Documentation

To keep the codebase and documentation in sync, we keep the documentation in 2 places:

  1. Inside the docs folder.
  2. Inside the code.

Documentation System

We use Sphinx to generate the project’s documentation. Documentation building and hosting is provided by Read the Docs.

Generating Documentations Locally

Install Sphinx using:

pip install sphinx

Inside the docs folder, type in:

make html

This will generate the HTML documentations in _build/html.

Writing Documentation Pages

To create a new documentation page, create an .rst file in the appropriate place, and then reference the .rst file inside README.rst‘s toctree.

Writing Documentation In Code

This project is written in ES6, and we don’t have an adequate documentation tool yet. Some tools don’t work with ES6 syntax, or some tools requires us to be too verbose and repetitive (making documentation a boring and error-prone process).

Therefore, this project invents its own code documentation tool which integrates nicely with Sphinx.

Source code files that matches the pattern src/**/.js or docs/**/*.py will be processed to find documentation comments.

To write a block of documentation inside code (called codedoc), start a block of inline comment with >> name:

// >> game/input
// Documentation text goes here.

To include that codedoc, use the codedoc directive:

.. codedoc:: game/input

The previous codedoc can be added later by starting a block of inline comment with >>:

// >> game/input
// Some documentation...

... /* code */ ...

// >>
// Some more documentation...

Automatically-Generated Module Documentation

To facilitate documenting the game internals, documentation for each ES6 module is generated.

If a block of inline comment starts with :doc:, then the comment will be added into the module’s documentation.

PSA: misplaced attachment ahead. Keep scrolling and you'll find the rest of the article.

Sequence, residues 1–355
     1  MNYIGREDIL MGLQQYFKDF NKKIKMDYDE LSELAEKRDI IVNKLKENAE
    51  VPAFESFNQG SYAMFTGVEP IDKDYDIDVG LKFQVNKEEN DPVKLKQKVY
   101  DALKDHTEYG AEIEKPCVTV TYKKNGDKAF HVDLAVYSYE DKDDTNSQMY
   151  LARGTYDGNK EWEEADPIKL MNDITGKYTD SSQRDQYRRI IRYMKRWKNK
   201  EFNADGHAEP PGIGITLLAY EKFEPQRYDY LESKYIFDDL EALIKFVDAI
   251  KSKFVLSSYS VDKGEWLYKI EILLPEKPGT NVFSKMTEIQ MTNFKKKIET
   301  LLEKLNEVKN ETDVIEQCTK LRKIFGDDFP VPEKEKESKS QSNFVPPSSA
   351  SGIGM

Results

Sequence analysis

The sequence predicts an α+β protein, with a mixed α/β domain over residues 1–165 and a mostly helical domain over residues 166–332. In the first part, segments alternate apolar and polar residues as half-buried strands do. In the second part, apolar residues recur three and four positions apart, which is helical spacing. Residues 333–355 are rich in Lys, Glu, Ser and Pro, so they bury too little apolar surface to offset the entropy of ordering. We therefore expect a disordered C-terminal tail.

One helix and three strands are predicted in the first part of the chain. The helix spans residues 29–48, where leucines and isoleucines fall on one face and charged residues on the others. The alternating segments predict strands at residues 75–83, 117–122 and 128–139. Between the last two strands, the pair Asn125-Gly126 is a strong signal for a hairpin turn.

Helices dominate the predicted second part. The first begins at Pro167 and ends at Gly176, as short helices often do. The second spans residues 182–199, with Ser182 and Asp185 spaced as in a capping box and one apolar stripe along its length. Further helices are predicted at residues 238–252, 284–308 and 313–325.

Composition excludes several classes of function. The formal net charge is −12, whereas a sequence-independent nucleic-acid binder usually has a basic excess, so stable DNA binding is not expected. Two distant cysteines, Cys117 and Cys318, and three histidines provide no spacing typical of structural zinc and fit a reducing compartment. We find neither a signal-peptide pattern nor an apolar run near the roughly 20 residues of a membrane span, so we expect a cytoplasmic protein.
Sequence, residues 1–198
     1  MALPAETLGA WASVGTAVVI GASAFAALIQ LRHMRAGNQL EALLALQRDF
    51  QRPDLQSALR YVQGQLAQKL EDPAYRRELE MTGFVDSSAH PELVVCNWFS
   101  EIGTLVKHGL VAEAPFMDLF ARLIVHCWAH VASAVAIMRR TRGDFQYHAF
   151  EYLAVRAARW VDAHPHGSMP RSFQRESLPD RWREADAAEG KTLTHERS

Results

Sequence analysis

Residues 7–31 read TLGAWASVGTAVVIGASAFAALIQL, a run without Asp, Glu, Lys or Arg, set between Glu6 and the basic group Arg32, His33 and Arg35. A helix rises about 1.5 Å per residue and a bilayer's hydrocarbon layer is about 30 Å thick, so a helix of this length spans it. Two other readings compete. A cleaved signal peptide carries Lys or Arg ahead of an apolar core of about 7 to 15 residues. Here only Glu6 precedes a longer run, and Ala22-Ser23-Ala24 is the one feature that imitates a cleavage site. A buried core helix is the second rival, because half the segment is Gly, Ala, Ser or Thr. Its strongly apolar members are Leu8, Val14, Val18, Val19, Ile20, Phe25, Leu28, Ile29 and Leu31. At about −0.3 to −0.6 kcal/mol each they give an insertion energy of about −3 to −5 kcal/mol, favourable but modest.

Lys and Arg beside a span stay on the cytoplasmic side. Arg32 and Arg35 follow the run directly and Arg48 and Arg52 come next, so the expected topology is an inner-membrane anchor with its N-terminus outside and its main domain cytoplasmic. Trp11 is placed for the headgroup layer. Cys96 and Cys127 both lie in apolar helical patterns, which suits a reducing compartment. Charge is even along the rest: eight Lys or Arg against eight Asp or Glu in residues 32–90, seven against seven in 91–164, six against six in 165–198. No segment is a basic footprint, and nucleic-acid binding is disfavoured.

If a method definition syntax is found directly after a block of comment, then it will be used for documenting that method:

// Reports the progress.
report(current, total, extra) {

If a getter definition syntax or an assignment to this is found after a comment block, then the comment block documents that attribute:

constructor() {
  // ``true`` if the game is started, ``false`` otherwise.
  this.started = false
}

// The song duration in seconds.
get duration() {

If export let is found after a comment block, then the comment block documents that module export:

// The global SceneManager instance.
export let instance = new SceneManager()

If export function is found after a comment block, then the comment block documents that module export:

// The global SceneManager instance.
export function download() {

How It Works

I think from the outside, this system looks pretty cool, but from the inside, this is a dirty hack.

The code documentation and module documentations are generated by a Python script, generate.py, which scans the source files for comment blocks followed by the code that matches the regular expression.

This is simple and works very well, but the code must be written according to the coding convention.